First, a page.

Are you one of those people who loves to take pictures, but miss the old days of displaying images in photo albums or frames? Some of us at Digital Trends really, REALLY miss those times (read: me). So when we got the chance to test out Aura ($299), the digital photo frame that connects to our phone and automatically rotates our favorite photos, we jumped at the chance.
While it doesn’t take the place of old-school photo albums, it is better in many ways. Rather than having one static photo in a frame, you can display thousands of pics. It’s also a beautiful device that automates the photo-framing experience in ways we never dreamed. We’ve had the frame sitting on a desk in our test office for a week or so now and can’t stop staring at it.
The Aura digital frame is available in classic or modern styles. You can choose from ivory, sandstone, or charcoal in the classic style, or slate or stardust in the modern style. The frame itself is well-made, and the screen — a 9.7 inch, 2048 x 1536-pixel display — makes your pics really pop once they’re added to the screen. Unlike dumb, old photo frames, this smart device must be plugged in.
We opened the box to find a fancy-looking, heavy-duty frame in classic sandstone, along with a card with setup instructions, a power cord that resembles a shoelace on a fancy pair of shoes, and the back bracket. There are also mounting tools to hang the device on the wall if you choose.
Getting the Aura set up is seriously simple: Download the Aura app (for iOS or Android), then follow instructions for connecting the frame via Wi-Fi and Bluetooth. Once those steps are taken, you can get to the fun part: Adding photos to display on the frame. The app draws from the most obvious place first: The camera roll on your phone. You can choose which photos to add by hitting the plus sign. Depending on how long your camera roll is, it might take awhile to scroll through to find the treasures. The photos start to display on the screen immediately, and you can change the frequency of how often they rotate, ranging from seconds to hours. You can also crop the view on images via the app.
We kept our app open next to the frame and when we saw an image that looked blurry, we tapped on the app to hide it from the rotation. You can also remove it entirely be going into the settings. We found that we could use our phone as a remote control, forwarding images faster than we’d set them up to rotate just to see how they looked. It was a lot of fun. The images from our Samsung Galaxy S9 phone popped on the screen, giving us a brilliant, beautiful way to display images that might never see the light of day otherwise.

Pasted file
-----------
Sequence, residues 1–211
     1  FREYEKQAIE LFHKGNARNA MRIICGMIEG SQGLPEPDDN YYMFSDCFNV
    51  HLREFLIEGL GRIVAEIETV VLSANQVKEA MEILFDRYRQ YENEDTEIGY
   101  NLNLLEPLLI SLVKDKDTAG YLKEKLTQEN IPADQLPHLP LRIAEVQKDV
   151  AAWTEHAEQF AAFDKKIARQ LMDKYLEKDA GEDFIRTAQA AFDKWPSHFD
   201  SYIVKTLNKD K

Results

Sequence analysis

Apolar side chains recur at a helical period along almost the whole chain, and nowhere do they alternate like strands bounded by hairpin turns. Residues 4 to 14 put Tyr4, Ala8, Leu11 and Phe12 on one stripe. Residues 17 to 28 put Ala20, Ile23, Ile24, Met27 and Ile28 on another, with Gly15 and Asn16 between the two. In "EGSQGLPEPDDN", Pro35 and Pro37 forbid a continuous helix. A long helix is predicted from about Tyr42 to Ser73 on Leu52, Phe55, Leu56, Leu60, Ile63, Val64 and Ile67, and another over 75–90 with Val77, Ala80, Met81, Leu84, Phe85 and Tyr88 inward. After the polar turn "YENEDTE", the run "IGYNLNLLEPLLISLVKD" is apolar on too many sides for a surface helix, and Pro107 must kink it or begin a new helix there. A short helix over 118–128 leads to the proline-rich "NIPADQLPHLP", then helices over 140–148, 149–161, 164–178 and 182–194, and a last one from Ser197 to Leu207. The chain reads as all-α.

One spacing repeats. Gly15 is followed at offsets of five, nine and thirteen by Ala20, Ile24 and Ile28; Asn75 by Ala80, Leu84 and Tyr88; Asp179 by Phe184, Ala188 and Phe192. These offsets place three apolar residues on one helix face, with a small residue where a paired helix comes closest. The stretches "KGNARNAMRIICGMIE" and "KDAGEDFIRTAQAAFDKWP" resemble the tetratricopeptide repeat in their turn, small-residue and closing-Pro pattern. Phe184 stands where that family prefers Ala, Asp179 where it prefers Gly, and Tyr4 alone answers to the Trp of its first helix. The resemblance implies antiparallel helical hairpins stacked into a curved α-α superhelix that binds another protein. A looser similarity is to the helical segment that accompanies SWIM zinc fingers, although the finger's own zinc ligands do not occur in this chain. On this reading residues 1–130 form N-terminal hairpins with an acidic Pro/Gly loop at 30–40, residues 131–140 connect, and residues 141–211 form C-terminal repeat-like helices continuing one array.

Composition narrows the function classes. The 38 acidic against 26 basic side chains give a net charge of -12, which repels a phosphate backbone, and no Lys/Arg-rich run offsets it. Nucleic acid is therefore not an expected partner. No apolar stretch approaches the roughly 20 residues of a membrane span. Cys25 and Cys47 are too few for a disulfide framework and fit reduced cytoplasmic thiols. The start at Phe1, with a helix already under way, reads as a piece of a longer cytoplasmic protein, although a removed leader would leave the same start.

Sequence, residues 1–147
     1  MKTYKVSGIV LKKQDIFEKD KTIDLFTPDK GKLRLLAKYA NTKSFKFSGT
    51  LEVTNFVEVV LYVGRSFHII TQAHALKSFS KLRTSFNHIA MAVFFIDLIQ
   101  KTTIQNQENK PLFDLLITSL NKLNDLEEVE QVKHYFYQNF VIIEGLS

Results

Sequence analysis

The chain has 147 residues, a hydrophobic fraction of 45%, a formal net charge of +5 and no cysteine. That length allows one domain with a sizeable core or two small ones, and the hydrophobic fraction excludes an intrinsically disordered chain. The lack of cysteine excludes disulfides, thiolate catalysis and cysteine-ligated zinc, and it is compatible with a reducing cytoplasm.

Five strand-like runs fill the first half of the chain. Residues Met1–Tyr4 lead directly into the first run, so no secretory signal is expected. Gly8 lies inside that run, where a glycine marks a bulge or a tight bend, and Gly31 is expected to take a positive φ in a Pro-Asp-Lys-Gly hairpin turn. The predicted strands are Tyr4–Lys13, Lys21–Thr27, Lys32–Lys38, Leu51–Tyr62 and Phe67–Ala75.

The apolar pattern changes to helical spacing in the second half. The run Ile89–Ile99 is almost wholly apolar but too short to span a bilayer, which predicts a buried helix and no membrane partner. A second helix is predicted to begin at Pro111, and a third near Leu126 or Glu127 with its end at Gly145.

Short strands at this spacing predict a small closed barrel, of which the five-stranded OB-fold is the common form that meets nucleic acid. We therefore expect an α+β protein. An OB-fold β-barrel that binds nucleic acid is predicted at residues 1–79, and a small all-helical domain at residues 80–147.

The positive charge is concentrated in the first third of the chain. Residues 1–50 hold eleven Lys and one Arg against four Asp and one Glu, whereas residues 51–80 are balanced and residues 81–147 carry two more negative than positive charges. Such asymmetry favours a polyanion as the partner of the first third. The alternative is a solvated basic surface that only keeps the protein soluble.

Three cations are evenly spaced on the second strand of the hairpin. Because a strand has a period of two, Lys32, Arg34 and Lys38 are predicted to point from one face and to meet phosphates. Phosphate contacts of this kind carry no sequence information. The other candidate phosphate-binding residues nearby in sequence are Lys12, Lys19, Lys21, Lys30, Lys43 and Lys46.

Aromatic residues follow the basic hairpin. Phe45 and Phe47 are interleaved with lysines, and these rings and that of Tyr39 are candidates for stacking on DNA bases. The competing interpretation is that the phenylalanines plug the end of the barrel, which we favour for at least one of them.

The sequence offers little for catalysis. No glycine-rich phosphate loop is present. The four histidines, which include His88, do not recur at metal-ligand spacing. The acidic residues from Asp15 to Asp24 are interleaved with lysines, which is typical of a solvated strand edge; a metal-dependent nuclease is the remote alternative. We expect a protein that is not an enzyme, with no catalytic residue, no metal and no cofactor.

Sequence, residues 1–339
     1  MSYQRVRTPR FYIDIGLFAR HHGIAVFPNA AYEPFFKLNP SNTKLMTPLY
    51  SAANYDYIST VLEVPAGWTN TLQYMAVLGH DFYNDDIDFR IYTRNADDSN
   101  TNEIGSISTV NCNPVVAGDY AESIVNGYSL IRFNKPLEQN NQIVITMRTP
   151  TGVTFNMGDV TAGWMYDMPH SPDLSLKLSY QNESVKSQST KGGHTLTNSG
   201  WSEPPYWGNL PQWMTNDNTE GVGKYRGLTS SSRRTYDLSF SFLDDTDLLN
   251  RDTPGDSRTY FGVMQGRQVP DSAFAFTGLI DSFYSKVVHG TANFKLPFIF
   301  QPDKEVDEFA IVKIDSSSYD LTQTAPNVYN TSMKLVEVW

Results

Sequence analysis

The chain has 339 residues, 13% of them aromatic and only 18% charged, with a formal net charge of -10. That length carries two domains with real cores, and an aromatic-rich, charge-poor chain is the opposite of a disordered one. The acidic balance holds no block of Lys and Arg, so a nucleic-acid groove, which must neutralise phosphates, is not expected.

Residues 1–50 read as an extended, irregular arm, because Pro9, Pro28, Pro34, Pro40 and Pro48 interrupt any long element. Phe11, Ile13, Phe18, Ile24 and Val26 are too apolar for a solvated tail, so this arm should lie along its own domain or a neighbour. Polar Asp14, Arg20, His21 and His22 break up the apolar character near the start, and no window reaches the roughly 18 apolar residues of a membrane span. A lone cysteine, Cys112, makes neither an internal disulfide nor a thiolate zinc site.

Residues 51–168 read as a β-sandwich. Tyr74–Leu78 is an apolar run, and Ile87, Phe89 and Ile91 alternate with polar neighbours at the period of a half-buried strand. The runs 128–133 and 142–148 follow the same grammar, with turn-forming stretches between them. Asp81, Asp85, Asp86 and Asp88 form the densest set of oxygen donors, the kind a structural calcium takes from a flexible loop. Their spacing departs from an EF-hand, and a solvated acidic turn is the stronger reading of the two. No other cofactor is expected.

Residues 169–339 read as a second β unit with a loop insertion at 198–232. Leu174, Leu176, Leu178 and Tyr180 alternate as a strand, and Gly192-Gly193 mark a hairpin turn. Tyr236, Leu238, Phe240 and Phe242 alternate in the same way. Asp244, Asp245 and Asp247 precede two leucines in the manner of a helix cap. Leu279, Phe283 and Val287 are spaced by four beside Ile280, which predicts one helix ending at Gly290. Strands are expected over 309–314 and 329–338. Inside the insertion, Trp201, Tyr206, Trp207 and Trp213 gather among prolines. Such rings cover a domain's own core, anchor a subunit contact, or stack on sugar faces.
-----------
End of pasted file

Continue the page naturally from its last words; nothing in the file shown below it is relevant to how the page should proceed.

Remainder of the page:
The first thing we wondered about when we got the Aura up and running was about cloud storage. As in, how much of it do we have? After all, images suck up a lot of space. We’re happy to report that Aura has unlimited cloud storage for your photos, which means that you can feature an endless number of digital photos on your Aura and sort them like music playlists. Endless storage is pretty generous considering that most platforms often give you a hard cap on storage and make you pay for more.
The Aura also has something else that’s interesting: Gesture control. You read that right. On the bottom right-hand corner of the frame, there’s a motion sensor, and moving your hand in front of it will “swipe” the image to the next one in the queue. You can also “swipe” back if you wish. While gesture control is often iffy with other devices, we found that it works fine on the Aura about 75 percent of the time.
One final interesting feature of the Aura is that you can add friends to your frame, who can then — you guessed it — add their pictures to the device. So if you wanted to have images from grandparents or significant others’ collections rotating on the frame, just add them as friends in the app.
There’s so much to love about the Aura digital frame, but there are a couple of things that make us pause. First is the cost. At $299, it’s the perfect gift for grandma, but it’ll definitely cost you. With that said, the quality look of the frame, the unlimited photo storage, and the ability to add friends’ and loved ones’ photos makes the cost seem a little more reasonable. Plus, if you factor in the cost of having multiple photos printed and professionally framed, you’ll soon realize the value in the device.
The second thing that we were frustrated by is the app often had to be refreshed after selecting a new photo to view. It’s a small gripe, to be sure, but sometimes kept us from feeling like we could use our phone as a real-time remote control for the frame.
Overall, though, the Aura is a great, albeit expensive, gift for the photo lovers in your life. And we’re not the only ones who recommend it: Oprah Winfrey just named it to her 2018 list of favorite things.
- Insta360’s next camera could be amazing for lowlight photography
- DJI’s latest Mavic 3 update made me love the drone all over again
- Adobe’s Lightroom just got a whole lot more useful
- Lorex introduces 2K Outdoor Pan-Tilt WiFi Camera to eradicate blind spots
- Is your smart home child-safe?